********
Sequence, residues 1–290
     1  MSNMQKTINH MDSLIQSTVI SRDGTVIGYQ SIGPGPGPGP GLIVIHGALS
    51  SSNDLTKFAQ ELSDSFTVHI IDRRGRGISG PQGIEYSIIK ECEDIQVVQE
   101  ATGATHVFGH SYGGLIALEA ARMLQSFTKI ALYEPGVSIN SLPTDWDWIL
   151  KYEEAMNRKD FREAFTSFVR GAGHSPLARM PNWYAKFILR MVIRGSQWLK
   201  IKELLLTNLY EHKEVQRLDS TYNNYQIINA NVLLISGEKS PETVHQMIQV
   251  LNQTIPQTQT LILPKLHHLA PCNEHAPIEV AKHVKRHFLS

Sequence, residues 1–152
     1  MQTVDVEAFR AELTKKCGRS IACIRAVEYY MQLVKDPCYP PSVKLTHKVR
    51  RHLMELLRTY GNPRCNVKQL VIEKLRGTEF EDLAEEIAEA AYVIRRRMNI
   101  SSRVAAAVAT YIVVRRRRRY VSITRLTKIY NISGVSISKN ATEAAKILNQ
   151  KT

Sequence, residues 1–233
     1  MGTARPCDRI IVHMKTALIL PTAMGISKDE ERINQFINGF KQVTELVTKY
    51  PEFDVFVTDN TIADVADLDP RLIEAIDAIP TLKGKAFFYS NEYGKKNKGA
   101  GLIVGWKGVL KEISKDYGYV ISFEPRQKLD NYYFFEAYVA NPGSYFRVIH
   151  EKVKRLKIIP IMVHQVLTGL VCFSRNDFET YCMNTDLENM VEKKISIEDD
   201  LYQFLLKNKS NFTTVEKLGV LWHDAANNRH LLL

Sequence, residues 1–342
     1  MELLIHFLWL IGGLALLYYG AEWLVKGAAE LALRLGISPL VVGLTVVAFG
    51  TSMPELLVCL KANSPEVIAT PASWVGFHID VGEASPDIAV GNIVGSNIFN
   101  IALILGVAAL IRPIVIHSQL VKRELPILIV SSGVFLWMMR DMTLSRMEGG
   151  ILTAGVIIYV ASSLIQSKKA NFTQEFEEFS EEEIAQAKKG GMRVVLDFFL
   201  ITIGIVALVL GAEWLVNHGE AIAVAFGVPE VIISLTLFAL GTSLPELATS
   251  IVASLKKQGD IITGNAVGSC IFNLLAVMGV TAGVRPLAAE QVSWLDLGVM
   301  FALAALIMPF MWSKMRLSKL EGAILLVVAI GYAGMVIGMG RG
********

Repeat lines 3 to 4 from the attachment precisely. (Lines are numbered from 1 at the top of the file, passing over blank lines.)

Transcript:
    51  SSNDLTKFAQ ELSDSFTVHI IDRRGRGISG PQGIEYSIIK ECEDIQVVQE
   101  ATGATHVFGH SYGGLIALEA ARMLQSFTKI ALYEPGVSIN SLPTDWDWIL